THE local banking system’s financial performance is not expected to “return back to normal” in the next two years, as bad loans are expected to start rising in the first quarter of 2021, an international credit watcher said.
In a recent assessment on the Philippine banking sector, S&P Global Ratings said they expect non-performing loans to “jump” in the first three months of this year as loan moratoriums and fiscal support are phased out.
In particular, S&P forecasts NPLs to hit 6 percent of the local banking system’s total loan portfolio in 2021, almost double the 3.6-percent NPL ratio seen at the end of 2020.
NPL are also known as soured loans as these are credits that remain unpaid 90 days after their due date while NPL coverage ratio is the amount of provisions banks set aside to cover for unpaid loans so their balance sheets and operations won’t be gravely affected by the consumers’ inability to pay.
“Philippine banks are on a long road to recovery. Asset quality will deteriorate further in the coming quarters as banks recognize the full brunt of Covid-19 on borrowers,” S&P Global Ratings credit analyst Nikita Anand said.
Meanwhile, S&P said credit cost, a measure of provisioning for bad loans, is likely to stay elevated at 1.5 percent to 1.8 percent in 2021.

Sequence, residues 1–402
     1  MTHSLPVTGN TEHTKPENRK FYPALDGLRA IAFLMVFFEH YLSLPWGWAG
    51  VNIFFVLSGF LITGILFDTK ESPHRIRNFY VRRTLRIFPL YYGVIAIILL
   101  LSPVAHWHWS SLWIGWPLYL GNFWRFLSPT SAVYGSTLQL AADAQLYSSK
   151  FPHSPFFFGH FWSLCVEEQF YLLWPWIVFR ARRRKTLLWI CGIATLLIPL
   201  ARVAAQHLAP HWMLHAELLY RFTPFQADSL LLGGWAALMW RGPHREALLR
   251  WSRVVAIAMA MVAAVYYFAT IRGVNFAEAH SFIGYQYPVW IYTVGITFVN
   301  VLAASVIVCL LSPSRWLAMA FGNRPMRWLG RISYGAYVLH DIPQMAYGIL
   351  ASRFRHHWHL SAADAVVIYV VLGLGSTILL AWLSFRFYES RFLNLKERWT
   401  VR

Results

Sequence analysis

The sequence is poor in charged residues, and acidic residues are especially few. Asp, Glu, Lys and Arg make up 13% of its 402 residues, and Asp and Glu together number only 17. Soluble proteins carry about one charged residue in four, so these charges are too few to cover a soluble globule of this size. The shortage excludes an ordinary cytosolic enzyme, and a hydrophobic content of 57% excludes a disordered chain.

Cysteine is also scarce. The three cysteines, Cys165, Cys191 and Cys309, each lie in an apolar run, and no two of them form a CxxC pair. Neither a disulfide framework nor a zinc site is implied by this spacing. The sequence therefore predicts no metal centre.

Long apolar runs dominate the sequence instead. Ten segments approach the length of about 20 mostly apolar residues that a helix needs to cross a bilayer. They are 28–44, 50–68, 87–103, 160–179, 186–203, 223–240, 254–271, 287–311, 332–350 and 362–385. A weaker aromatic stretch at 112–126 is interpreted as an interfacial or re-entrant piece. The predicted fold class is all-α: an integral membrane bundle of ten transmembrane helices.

On a positive note, Anand said they expect sector-wide profits to improve slightly in 2021, with return on assets increasing to 1 percent on the back of relatively better growth and lower credit costs in 2021.
High provisioning in 2020 and capital buffers is also expected to help banks maintain credit standing, Anand said, as they repair financial metrics, assuming the economic revival stays on track.
According to S&P assessment, Philippine banks are likely to benefit from reviving economic activity and progress in vaccination rollouts.
“Relaxation of restrictions in Manila will support stronger activity in the second half,” S&P said.
Strong downside risks
Amid early signs of revival, S&P said vaccination will be key for a sustaining trend.
“S&P Global Ratings does not expect the country’s banks to reach pre-pandemic financial performance until 2023. Our negative outlook on rated banks reflects our view that financial buffers could not absorb the rapid deterioration in asset quality likely to ensue if the recovery is derailed,” Anand said.
“The emergence of yet more contagious Covid-19 variants with the potential to evade vaccine-derived immunity presents a major risk to normalization,” the credit analyst said.
In a recent survey conducted by the Bangko Sentral ng Pilipinas (BSP), however, local banks said they believe they are well-equipped to handle the economic fallout of movement and operational restrictions due to the pandemic, as they continue to have adequate loan loss provisions, capital and liquidity.
About 44.3 percent of banks in the country said they project their NPL coverage ratio of between 51 and 100 percent while 48.9 percent said their NPL coverage ratio will likely be less than or equal to 25 to 50 percent of total NPLs.